For the first time in nearly 50 years, students are arriving to college campuses in Kentucky in a world where they can no longer get an abortion.
Administrators have largely been silent on students' options to terminate an unwanted pregnancy, but that hasn't stopped students from thinking about the what-ifs.
"In a world that's changing every day, on a college campus that is known to be always changing and to be so inclusive, we just don't have the same rights as other people might have," said Berea College senior Mackenzie Hall.
Hall admits the uncertainty has left her and her friends uneasy.
"I know my friends, at least, are being more careful, are being a lot more aware of their surroundings, and who they surround themselves with," said Hall.
Simultaneously, the abortion ban in Kentucky is good news for anti-abortion students like Eastern Kentucky University student Lydia Pills.
"It's a new freedom. It feels great," said Pills.
It's also a source of fear for abortion rights students like Allison Miller.
"People are more scared to talk about it because of the repercussions they may face and the different opinions of everybody else," said Miller.
According to CDC data, women in their twenties accounted for more than half of the abortions in 2019.
Women in their twenties are arguably the biggest demographic in college.
Many are citing the fall of Roe V. Wade as the push for them to get more involved.
I never really thought of myself as a leader, but I keep being pulled and called,” said Berea College Senior A’Nya Badger. “I just accepted that God's calling on my life is to lead people places."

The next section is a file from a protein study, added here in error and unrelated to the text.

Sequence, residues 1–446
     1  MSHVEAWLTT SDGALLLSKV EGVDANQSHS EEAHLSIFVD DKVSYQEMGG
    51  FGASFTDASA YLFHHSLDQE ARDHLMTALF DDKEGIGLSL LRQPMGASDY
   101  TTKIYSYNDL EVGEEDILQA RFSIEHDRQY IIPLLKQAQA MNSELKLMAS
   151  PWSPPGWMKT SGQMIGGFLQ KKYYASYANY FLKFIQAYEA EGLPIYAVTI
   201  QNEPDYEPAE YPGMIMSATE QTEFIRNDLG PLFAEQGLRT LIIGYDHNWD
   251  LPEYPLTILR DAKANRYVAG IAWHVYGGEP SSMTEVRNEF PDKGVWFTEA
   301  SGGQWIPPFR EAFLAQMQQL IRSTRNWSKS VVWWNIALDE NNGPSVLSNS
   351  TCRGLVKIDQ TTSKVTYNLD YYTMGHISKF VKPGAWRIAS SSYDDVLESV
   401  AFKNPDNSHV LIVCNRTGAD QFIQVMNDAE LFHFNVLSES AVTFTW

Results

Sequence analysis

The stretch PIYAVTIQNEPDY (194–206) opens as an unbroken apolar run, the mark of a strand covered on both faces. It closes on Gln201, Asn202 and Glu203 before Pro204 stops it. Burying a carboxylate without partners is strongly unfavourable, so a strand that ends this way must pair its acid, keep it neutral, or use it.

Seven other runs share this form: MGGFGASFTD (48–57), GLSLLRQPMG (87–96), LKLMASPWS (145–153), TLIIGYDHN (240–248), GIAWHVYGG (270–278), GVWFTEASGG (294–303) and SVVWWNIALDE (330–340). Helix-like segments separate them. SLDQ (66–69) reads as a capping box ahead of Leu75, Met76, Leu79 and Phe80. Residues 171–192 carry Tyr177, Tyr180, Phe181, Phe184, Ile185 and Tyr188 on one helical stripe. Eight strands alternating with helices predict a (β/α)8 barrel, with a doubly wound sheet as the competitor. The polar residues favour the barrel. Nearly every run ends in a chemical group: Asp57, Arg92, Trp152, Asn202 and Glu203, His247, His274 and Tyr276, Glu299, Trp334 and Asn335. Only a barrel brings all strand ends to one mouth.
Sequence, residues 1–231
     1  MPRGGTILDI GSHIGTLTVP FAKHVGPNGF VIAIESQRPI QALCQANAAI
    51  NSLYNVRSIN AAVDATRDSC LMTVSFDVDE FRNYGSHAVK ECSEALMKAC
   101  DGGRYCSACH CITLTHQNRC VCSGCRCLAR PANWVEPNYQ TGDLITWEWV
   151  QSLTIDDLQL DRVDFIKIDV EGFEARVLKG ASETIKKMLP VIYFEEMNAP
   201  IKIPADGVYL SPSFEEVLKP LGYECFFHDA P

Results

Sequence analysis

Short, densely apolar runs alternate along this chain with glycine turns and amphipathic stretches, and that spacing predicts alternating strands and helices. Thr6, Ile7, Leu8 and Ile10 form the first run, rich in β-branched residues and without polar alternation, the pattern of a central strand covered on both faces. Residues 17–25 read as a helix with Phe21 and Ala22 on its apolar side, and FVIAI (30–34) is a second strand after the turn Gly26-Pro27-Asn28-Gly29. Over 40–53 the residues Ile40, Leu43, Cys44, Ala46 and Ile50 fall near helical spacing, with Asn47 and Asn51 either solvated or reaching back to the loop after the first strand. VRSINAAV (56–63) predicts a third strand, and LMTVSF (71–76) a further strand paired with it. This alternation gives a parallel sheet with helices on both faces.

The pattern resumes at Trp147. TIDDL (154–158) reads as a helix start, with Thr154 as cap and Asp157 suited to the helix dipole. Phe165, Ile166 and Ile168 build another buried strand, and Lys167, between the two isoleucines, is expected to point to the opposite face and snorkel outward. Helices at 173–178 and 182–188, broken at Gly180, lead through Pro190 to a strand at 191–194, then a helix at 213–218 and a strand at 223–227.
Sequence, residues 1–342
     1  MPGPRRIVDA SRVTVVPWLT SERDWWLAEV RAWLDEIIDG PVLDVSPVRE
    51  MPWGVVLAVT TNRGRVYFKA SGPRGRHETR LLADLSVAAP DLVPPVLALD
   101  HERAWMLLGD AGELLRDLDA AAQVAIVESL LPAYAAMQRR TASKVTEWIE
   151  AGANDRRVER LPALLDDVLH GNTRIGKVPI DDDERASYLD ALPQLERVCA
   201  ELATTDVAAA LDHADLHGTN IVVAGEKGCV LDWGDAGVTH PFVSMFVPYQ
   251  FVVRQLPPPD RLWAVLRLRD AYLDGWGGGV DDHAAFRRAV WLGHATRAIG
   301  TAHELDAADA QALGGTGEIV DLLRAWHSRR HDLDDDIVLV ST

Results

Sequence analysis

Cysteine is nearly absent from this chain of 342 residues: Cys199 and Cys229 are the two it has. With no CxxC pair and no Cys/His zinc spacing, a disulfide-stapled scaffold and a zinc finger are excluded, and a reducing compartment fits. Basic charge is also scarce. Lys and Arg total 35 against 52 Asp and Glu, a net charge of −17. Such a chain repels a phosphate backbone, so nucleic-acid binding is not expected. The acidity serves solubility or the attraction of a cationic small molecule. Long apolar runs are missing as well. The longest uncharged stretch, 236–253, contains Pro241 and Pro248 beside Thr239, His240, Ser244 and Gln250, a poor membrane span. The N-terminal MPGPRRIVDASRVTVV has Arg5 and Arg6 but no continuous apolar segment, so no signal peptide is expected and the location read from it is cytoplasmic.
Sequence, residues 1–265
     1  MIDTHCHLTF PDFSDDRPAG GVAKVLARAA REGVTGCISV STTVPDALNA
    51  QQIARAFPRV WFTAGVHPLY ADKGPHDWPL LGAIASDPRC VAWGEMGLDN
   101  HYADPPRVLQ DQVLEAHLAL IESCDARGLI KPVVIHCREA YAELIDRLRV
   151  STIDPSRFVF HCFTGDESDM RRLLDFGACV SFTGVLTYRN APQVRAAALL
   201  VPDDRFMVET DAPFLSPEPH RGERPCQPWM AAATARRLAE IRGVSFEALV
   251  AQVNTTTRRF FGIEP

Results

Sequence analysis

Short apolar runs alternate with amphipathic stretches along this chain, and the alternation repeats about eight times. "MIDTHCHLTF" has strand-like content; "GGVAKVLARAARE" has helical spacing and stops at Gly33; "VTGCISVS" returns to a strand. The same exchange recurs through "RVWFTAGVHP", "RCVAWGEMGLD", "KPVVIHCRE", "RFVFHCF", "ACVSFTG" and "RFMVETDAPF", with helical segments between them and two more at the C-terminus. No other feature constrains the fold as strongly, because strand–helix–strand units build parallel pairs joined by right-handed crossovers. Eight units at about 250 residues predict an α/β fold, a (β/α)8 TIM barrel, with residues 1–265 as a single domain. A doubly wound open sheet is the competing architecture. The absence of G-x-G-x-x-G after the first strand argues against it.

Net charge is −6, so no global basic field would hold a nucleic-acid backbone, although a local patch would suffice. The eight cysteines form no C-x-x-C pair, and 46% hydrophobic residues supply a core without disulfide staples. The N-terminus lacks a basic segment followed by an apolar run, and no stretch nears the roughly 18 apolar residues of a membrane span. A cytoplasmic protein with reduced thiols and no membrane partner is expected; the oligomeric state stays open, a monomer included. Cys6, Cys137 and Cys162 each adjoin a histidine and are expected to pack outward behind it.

So when a group she was in (The Youth Abortion Support Collective) started talking about organizing even further, she didn’t hesitate to join a new organization that would be run under the
Religious Coalition For Reproductive Choice. Badger is now starting a chapter of Spiritual Youth For Reproductive Freedom, a spiritually-based pro-choice activism group.
“It's creating space for the whole multitude of people, and creating the space for people who are of faith and pro-choice,” said Badger. “I'm always thinking about how to make justice more accessible and how that affects them on a spiritual, personal and psychological level.”
Badger is double majoring in social justice and psychology and is also a school chaplain.
“The main assumption for most people is that everyone who identifies as anything, Christian, Jewish, Muslim, or any of the other faiths go on and on, they assume that everyone is pro-life,” said Badger. “Someone being forced into a situation that could be more harmful to their life just really bothers me in any aspect.”
At Eastern Kentucky University, students like Pills are also planning to get more involved. She plans to advocate to keep abortion banned.
“Just trying to talk to people... It's hard to change people's minds but just having conversations with them. I love kids. It's not right to take a child's life because they could end up being a wonderful person one day," said Pills.
Both students are at colleges in rural conservative areas in Kentucky where the majority of residents in the county voted republican in 2020.
Colleges are different — a melting pot of cultures and beliefs. But regardless, students are paying attention.